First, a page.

News Feature: Natural-born killers


Side effects: hepatitis, cirrhosis and liver failure Drug interactions: benzodiazepines Marketed for: depression and anxiety Side effects: stomach upset, sensitivity to sunlight Drug interactions: selective serotonin reuptake inhibitors,protease inhibitors Want a sharper mind, a slimmer body, a healthier heart or a longer life? You could find all that and more on the shelf of the nearest health-food store—if you believe the labels on dietary supplements, that is. Pink-and-purple ephedra capsules on the shelves extend the hope of effortless weight loss, pretty yellow flowers of St. John’s wort offer to lift your spirits and nondescript melatonin pills promise to lull you to sleep. If sales are any indication, the average consumer has firm faith in the power of supplements. There are nearly 30,000 herbal products on the market, totaling $4.2 billion of US sales in 2001. Of that, nearly $1.5 billion came from products containing—in some form—derivatives of ephedra, according to Patrick Rea, research director of the Nutrition Business Journal. In the UK, the complementary medicine market has grown by nearly 60% in the past five years, to an estimated £130 million. But can supplements deliver on their tall claims? “We don’t have a handle on how beneficial [herbal supplements] really are,” says David Schardt, senior nutritionist at the Center for Science in the Public Interest (CSPI), an advocacy group based in Washington, DC. For example, garlic has been shown to lower cholesterol levels, but only in the short term; ephedra has a small effect on weight loss,but studies have not evaluated its effects beyond a four-month period. Although there is little evidence of supplements’ benefits, several are known to have adverse effects. Kava kava, for example, sold as a stress reliever, has been linked to severe liver injury and is banned in several European countries, and St. John’s wort, touted as an antidepressant, interferes with birth control pills, HIV medications and drugs such as Prozac and protease inhibitors. Despite lack of evidence of their value, supplements have remained unregulated for years, thanks to the Dietary Supplement Health and Education Act (DSHEA) of 1994. The act places the burden of proof on the government, saying the US Food and Drug Administration (FDA) must show that a supplement causes “significant or unreasonable risk of illness” before it can be pulled from the market. In Europe,manufacturers must carry detailed files—including manufacturing procedures, N E W S F E AT U R E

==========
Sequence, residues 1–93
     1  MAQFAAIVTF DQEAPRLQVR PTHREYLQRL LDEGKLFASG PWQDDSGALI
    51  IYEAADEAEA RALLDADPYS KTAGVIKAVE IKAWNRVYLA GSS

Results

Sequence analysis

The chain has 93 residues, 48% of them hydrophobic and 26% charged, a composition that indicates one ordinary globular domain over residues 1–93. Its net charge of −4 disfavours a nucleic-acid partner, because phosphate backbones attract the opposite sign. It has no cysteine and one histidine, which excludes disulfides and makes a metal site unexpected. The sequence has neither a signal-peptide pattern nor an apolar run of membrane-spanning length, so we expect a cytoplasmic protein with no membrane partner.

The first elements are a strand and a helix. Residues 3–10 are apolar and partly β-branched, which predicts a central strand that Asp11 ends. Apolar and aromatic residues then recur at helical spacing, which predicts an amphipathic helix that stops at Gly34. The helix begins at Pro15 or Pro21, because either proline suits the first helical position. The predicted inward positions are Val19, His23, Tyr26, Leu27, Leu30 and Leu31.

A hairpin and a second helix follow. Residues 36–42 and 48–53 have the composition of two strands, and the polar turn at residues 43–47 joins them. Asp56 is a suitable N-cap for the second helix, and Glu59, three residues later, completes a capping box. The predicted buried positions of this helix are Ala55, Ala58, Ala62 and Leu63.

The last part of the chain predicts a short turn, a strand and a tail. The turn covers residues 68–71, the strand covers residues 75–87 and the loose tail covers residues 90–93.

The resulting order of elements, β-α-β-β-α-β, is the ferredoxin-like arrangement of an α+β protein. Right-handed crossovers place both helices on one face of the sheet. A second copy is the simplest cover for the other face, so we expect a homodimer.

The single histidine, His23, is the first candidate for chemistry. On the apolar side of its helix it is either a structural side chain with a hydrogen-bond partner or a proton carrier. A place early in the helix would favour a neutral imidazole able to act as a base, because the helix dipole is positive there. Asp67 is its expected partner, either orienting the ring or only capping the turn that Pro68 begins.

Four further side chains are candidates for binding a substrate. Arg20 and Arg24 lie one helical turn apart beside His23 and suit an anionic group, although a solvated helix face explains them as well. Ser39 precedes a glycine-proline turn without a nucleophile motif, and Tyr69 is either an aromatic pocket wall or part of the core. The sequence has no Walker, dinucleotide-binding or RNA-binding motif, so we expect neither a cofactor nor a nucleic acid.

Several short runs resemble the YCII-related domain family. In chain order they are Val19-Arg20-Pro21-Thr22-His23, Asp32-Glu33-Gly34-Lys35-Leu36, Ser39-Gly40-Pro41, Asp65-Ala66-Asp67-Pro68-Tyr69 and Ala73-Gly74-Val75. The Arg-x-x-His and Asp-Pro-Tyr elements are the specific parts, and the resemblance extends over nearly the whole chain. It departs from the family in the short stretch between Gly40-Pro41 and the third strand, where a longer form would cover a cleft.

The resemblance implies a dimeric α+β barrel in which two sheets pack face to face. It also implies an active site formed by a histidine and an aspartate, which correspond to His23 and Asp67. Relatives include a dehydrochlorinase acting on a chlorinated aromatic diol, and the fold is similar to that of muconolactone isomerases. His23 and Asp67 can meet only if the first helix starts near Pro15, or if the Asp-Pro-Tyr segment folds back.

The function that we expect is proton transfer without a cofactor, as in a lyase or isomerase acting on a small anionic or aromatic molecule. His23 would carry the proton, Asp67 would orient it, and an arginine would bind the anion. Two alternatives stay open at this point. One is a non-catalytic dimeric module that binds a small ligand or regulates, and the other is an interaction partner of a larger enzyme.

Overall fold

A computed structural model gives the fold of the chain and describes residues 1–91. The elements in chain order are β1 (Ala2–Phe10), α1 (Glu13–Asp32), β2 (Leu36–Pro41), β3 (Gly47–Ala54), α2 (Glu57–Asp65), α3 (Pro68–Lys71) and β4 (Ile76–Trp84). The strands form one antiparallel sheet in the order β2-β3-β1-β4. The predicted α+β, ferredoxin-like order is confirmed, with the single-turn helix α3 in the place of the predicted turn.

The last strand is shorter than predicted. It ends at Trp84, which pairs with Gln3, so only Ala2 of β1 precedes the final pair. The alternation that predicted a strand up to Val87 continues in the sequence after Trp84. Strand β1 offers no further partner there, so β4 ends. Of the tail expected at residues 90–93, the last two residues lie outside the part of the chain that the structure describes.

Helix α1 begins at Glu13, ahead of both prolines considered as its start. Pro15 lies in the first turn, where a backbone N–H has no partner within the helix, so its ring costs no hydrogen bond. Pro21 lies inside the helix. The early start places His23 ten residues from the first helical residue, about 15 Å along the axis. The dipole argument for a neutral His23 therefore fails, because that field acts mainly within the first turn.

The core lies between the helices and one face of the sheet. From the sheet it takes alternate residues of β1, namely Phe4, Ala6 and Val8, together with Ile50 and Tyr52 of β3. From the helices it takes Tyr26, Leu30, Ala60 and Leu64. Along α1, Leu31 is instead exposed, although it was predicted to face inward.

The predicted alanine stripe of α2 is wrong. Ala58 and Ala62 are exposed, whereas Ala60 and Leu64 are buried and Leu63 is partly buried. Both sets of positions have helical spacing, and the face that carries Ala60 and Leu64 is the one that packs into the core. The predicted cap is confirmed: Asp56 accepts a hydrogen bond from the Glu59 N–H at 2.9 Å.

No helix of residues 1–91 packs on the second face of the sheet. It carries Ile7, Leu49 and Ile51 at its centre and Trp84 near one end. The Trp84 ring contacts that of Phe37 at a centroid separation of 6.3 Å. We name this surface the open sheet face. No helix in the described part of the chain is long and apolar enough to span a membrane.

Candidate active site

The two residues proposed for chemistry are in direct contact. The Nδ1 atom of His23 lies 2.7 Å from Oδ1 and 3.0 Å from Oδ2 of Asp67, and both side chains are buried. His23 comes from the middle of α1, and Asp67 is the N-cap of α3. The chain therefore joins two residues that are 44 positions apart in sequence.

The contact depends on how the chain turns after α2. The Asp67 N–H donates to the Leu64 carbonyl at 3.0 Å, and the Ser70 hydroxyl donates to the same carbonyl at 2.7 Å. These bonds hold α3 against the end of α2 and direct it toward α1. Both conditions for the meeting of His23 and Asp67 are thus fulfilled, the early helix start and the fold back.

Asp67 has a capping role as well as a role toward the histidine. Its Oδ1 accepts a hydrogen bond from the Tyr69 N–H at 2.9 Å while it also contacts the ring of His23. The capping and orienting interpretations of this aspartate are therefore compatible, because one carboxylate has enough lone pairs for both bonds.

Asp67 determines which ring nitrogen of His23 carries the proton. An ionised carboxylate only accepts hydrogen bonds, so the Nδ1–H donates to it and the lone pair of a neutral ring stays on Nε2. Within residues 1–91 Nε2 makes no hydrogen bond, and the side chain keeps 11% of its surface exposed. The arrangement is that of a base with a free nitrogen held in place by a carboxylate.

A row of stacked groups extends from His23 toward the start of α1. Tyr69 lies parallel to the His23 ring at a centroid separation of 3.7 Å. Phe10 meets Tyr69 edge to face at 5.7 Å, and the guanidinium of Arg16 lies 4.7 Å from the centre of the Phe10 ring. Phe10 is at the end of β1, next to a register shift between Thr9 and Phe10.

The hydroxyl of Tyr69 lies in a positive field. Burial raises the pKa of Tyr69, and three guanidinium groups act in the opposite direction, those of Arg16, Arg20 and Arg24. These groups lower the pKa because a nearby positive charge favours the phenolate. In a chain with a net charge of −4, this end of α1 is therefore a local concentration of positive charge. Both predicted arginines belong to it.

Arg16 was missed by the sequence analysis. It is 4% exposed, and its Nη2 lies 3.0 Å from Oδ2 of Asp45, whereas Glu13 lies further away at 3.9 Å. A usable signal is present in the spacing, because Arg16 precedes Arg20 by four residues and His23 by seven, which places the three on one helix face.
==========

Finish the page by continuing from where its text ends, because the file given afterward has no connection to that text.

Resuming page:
DOI: 10.1038/nm0603-634

Cite this paper

@article{Mandavilli2003NewsFN, title={News Feature: Natural-born killers}, author={Apoorva Mandavilli}, journal={Nature Medicine}, year={2003}, volume={9}, pages={634-635} }